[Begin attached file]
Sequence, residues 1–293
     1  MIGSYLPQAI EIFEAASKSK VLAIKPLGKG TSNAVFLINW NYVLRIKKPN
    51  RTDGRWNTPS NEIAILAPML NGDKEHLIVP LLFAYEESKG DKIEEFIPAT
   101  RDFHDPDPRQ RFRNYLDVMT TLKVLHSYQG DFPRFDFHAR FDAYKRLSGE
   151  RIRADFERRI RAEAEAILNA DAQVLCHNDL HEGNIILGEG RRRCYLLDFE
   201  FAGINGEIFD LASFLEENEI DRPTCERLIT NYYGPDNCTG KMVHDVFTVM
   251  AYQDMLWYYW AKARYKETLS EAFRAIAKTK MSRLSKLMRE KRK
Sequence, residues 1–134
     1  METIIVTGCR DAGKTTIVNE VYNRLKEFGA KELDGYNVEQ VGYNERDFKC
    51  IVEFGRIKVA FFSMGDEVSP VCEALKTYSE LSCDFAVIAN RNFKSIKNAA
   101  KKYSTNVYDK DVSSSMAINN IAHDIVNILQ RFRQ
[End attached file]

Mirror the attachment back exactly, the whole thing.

Sequence, residues 1–293
     1  MIGSYLPQAI EIFEAASKSK VLAIKPLGKG TSNAVFLINW NYVLRIKKPN
    51  RTDGRWNTPS NEIAILAPML NGDKEHLIVP LLFAYEESKG DKIEEFIPAT
   101  RDFHDPDPRQ RFRNYLDVMT TLKVLHSYQG DFPRFDFHAR FDAYKRLSGE
   151  RIRADFERRI RAEAEAILNA DAQVLCHNDL HEGNIILGEG RRRCYLLDFE
   201  FAGINGEIFD LASFLEENEI DRPTCERLIT NYYGPDNCTG KMVHDVFTVM
   251  AYQDMLWYYW AKARYKETLS EAFRAIAKTK MSRLSKLMRE KRK
Sequence, residues 1–134
     1  METIIVTGCR DAGKTTIVNE VYNRLKEFGA KELDGYNVEQ VGYNERDFKC
    51  IVEFGRIKVA FFSMGDEVSP VCEALKTYSE LSCDFAVIAN RNFKSIKNAA
   101  KKYSTNVYDK DVSSSMAINN IAHDIVNILQ RFRQ